Formafantasma and Dzek create ExCinere volcanic-ash-glazed tiles
Formafantasma and Dzek

Formafantasma and Dzek create collection of volcanic-ash-glazed tiles

Amsterdam-based duo Formafantasma and architectural materials brand Dzek collected volcanic ash from Mount Etna in Italy to glaze this "totally 1970s" collection of surface tiles.

Presented at Milan design week, which took place between 9 and 14 April, the ExCincere collection of volcanic ash-glazed porcelain tiles are rectangular and feature yellow-brown tones.

"Generally we are never retro in our work, but this just came out and it's totally 1970s, it definitely speaks of the decade," said the designers.

Suitable for both indoor and outdoor surfaces, the tiles are available in two sizes and five volcanic glazes.

Formafantasma and Dzek

They are glazed using volcanic ash from Mount Etna in Sicily, Italy, which consists of fragments of pulverised rock, including basalt rock – a magnesium and iron-rich volcanic rock created by the rapid cooling of lava.

"Mount Etna is a mine without miners; it is excavating itself to expose its raw materials," said Formafantasma.

Formafantasma and Dzek

The collection aims to demonstrate the "full potential" of volcanic ash, which is described by Formafantasma as "naturally-occurring, self-generating, and abundant".

"Like César Manrique's evocative Lanzarote architecture, which so seamlessly integrates into its surrounding volcanic landscape, ExCinere is a new take on the tradition of volcanic lava as a building material and a manifest of the enduring attraction between humans and the impossible force of nature," said Dzek.

Formafantasma and Dzek

The project follows on from Formafantasma's 2014 project De Natura Fossilium – a series of homeware objects made of basalt rock formed after Mount Etna erupted in 2013.

Formafantasma and Dzek built on this existing research to investigate the uses of volcanic ash in creating architectural materials, like tiles.

Formafantasma and Dzek

Ash has a high metal-oxide content, which makes it "complex and unpredictable to work with".

The designers spent nearly two years examining the exact balance of porcelain tile, ash glaze, firing temperature and method to prevent the pieces cracking or exploding during the firing process.

Formafantasma and Dzek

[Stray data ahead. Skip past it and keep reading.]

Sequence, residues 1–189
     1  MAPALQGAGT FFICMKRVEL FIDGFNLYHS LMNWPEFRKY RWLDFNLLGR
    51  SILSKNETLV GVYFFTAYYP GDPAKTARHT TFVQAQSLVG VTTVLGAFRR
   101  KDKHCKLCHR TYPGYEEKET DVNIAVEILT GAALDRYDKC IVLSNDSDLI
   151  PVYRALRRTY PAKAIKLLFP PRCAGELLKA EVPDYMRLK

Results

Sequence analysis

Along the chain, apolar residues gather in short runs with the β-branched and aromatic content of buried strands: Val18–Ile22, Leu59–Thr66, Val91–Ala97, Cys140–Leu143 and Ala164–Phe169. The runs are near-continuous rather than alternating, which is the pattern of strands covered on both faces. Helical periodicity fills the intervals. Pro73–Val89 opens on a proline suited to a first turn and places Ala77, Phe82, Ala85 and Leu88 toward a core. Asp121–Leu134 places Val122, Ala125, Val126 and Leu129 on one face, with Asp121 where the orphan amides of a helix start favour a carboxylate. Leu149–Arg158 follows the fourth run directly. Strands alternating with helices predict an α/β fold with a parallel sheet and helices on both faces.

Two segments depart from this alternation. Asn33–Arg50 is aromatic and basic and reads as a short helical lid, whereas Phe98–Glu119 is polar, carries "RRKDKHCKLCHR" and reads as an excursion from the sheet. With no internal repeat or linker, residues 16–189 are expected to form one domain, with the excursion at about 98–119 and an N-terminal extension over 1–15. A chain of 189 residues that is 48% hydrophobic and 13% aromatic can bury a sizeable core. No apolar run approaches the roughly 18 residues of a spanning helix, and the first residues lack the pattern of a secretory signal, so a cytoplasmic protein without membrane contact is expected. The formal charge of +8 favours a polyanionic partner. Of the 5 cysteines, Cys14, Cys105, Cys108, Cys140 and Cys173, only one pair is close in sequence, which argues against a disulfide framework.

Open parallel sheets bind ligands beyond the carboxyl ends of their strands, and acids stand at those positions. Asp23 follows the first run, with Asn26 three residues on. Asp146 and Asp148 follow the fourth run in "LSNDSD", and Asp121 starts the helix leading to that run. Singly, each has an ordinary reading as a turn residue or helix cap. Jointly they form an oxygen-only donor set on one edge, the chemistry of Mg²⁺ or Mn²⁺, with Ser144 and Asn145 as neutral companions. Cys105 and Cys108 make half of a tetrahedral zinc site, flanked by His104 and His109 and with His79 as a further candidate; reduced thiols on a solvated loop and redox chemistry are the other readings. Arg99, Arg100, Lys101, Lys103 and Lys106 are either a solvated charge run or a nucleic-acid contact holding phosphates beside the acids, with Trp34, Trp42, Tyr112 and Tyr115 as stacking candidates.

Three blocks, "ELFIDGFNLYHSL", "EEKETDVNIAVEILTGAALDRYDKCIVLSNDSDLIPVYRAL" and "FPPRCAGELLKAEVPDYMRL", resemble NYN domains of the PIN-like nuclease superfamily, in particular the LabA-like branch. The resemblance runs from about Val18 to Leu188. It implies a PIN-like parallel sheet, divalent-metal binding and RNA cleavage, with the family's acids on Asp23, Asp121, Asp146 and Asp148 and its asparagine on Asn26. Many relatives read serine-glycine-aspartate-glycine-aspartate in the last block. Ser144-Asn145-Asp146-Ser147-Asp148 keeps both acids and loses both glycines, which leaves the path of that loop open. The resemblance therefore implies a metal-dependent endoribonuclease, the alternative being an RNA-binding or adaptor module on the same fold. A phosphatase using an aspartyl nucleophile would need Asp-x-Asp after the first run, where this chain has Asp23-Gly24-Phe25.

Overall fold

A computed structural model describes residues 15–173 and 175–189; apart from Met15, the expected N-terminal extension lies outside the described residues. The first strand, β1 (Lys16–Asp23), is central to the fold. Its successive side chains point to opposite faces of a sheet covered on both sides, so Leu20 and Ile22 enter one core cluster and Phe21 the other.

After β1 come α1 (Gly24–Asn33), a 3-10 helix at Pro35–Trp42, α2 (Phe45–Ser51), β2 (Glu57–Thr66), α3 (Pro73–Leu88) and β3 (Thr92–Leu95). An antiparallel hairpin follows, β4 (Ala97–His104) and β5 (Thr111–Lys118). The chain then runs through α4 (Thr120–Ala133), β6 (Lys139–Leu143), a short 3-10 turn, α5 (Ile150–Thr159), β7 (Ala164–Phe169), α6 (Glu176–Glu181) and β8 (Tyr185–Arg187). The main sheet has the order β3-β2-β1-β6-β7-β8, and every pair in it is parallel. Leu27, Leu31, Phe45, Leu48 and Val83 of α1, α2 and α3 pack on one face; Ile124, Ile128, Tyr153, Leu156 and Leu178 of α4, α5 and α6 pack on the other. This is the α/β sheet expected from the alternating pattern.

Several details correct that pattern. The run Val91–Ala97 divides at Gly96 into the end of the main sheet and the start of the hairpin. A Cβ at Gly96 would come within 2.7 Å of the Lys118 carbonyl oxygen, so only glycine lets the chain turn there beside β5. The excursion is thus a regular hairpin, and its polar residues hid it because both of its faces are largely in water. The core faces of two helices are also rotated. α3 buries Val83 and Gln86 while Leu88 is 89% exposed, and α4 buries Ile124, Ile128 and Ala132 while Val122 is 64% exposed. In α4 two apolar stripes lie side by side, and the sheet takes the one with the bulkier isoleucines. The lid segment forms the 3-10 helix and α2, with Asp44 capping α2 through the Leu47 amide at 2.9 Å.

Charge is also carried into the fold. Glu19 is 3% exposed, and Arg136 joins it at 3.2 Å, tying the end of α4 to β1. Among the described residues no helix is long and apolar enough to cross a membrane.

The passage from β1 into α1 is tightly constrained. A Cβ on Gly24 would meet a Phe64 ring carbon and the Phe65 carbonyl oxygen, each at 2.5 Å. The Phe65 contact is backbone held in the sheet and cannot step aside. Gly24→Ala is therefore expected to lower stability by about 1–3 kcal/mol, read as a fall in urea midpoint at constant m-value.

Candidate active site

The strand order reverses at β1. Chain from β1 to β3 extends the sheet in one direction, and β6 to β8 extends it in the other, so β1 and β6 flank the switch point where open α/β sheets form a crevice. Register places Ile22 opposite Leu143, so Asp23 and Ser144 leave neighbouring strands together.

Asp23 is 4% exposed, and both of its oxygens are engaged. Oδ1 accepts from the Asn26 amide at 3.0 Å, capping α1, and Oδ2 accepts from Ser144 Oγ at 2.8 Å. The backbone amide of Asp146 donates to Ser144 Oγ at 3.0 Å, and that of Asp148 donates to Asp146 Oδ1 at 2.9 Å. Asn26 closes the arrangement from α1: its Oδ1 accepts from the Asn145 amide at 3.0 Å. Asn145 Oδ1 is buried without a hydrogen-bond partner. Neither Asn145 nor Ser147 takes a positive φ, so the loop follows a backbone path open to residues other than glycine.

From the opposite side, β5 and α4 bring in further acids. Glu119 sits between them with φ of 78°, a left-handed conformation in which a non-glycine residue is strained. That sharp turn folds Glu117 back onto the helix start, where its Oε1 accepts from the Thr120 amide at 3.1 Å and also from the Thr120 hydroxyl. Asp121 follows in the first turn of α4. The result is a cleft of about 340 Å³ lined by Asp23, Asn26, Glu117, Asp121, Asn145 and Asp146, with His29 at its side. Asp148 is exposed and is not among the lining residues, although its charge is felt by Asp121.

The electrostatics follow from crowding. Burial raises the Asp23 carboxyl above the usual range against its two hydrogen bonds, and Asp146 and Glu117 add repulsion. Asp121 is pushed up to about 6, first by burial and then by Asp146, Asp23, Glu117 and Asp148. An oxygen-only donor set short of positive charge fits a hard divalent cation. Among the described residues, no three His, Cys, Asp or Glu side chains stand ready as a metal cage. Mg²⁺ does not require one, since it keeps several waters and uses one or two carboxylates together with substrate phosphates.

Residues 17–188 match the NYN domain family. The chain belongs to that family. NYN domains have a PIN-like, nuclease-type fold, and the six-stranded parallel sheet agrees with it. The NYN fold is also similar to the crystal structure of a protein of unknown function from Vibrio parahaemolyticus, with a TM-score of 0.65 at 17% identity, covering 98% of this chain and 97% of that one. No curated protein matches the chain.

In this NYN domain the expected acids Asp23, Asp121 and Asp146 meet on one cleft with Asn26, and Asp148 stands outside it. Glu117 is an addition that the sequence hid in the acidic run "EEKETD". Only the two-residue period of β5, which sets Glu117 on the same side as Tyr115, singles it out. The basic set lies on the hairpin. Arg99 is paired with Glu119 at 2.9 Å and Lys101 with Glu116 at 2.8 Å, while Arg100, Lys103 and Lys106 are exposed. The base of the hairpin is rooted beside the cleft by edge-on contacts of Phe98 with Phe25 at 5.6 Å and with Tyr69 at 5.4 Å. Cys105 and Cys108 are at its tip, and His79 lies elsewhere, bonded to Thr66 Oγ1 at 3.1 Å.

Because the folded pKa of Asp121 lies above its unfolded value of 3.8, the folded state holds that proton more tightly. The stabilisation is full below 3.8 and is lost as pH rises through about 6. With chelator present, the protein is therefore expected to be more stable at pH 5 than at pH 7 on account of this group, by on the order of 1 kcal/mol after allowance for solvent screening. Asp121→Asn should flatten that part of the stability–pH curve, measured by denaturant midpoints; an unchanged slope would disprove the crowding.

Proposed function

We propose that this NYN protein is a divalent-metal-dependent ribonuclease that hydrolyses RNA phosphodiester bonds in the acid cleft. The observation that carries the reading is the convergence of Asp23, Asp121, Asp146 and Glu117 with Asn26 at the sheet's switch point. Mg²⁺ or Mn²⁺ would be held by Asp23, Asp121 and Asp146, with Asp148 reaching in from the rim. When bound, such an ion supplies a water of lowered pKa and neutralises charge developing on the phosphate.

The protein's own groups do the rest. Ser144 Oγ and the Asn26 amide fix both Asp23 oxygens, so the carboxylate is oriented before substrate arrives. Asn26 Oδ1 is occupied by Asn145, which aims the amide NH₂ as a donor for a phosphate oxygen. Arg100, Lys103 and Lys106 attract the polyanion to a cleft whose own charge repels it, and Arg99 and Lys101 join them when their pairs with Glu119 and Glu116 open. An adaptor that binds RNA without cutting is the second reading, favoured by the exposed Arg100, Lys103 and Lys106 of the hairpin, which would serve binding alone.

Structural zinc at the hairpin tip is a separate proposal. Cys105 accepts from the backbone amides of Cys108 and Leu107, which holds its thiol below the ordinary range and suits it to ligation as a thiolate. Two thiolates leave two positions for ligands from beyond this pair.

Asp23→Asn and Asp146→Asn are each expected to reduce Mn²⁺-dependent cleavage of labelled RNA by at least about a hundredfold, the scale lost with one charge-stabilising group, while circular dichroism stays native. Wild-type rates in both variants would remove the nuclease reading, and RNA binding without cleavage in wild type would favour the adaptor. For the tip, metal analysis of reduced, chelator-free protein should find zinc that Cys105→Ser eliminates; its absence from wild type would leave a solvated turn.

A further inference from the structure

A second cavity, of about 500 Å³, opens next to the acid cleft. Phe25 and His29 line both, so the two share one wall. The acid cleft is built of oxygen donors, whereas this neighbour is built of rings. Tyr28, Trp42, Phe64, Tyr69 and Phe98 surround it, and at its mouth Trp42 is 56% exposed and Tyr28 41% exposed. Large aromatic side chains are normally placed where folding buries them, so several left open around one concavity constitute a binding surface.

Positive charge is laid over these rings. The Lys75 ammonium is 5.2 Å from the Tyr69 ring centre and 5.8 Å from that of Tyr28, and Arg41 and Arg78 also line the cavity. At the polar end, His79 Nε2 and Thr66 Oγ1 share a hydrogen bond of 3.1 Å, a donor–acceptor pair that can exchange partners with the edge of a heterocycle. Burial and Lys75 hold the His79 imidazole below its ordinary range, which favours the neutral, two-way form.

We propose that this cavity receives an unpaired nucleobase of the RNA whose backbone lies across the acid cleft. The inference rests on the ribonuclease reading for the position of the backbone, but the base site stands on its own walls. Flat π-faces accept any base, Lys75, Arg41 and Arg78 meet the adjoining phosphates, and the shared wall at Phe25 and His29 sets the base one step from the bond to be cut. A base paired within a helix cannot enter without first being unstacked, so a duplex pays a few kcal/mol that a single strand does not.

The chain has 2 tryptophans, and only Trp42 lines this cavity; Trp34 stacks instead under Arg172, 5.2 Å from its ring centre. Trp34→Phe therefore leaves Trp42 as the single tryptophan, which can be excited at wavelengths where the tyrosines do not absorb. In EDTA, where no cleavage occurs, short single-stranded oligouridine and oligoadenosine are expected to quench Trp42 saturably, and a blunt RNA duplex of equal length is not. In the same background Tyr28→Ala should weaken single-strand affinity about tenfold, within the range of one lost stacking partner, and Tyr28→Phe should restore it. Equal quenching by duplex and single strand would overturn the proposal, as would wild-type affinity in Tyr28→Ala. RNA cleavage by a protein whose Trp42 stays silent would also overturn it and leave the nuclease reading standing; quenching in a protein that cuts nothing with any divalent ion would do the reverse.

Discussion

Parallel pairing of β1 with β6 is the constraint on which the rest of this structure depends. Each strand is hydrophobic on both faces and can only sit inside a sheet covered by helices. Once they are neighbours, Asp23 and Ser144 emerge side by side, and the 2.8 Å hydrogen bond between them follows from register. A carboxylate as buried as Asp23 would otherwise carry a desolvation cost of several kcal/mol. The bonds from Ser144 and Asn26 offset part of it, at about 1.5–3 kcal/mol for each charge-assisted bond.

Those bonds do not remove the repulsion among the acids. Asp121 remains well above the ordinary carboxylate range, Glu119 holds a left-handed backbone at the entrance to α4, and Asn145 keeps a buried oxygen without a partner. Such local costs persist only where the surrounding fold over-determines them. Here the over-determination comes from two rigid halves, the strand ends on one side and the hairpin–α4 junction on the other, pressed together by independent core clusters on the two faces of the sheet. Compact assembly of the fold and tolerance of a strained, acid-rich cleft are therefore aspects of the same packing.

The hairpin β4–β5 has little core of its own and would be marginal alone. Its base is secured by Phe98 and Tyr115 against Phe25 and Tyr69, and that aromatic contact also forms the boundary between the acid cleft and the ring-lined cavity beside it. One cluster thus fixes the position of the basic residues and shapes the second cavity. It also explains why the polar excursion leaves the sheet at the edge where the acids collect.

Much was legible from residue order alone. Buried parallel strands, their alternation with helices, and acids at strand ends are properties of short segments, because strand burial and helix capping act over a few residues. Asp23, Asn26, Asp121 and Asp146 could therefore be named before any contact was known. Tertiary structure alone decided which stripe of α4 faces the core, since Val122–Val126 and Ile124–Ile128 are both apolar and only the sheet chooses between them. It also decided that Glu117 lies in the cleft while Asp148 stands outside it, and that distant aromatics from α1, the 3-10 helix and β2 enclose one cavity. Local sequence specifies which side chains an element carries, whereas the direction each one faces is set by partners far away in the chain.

"Although volcanic ash and basalt rock may appear inert, their metal-oxide content makes them complex to work with," said Dzek. "The material has its own will and you have to allow it to go where it needs to."

"Identifying the right balance of volcanic ash percentages, granule sizes, densities, firing temperatures, firing methods and clay body took almost 20 months to be exact," explained the brand.

Formafantasma and Dzek

The five different colour glazes were created by mixing varying amounts and densities of volcanic matter.

"The lighter glazes use extremely fine ash powders. The glazes become increasingly darker and more specked as the ash particles increase in size and frequency," said Dzek.

Formafantasma and Dzek

These glazes were then applied onto the porcelain tile bodies and fired in a kiln.

"The glossy tones achieved from mixing and firing varying percentages and densities of volcanic matter are evocative of the dynamic landscape from which they come," explained Dzek.

Formafantasma and Dzek

The full range of colours of the collection were displayed in Milan in an installation at a satellite of the Alcova site on Via Popoli Uniti.

The two brands showed the products as tiled wall panels, steps, shelves, columns and low benches, as well as a wall-mounted block with an indented tiled nook.

"We wanted to show the possibilities and how it could become an entire architecture," explained Formafantasma.

Also on show at Milan design week was a set of flat-packed furniture essentials by Panter & Tourron and an installation of geometric totem poles by Note Design Studio.